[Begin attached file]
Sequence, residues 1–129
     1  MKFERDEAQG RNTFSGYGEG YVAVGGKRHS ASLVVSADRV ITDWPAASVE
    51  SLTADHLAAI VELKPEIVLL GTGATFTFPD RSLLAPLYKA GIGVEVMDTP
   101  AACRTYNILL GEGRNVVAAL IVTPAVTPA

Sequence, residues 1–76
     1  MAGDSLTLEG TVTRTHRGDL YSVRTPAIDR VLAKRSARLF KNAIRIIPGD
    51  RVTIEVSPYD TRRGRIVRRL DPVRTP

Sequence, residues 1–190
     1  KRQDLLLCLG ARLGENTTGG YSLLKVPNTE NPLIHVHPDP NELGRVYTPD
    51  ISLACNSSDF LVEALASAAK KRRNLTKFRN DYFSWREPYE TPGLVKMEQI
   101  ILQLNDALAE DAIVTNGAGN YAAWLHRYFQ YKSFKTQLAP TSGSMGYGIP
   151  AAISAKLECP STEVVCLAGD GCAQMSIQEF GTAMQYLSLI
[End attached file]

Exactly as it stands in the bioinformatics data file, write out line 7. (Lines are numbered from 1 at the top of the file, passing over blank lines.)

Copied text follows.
    51  RVTIEVSPYD TRRGRIVRRL DPVRTP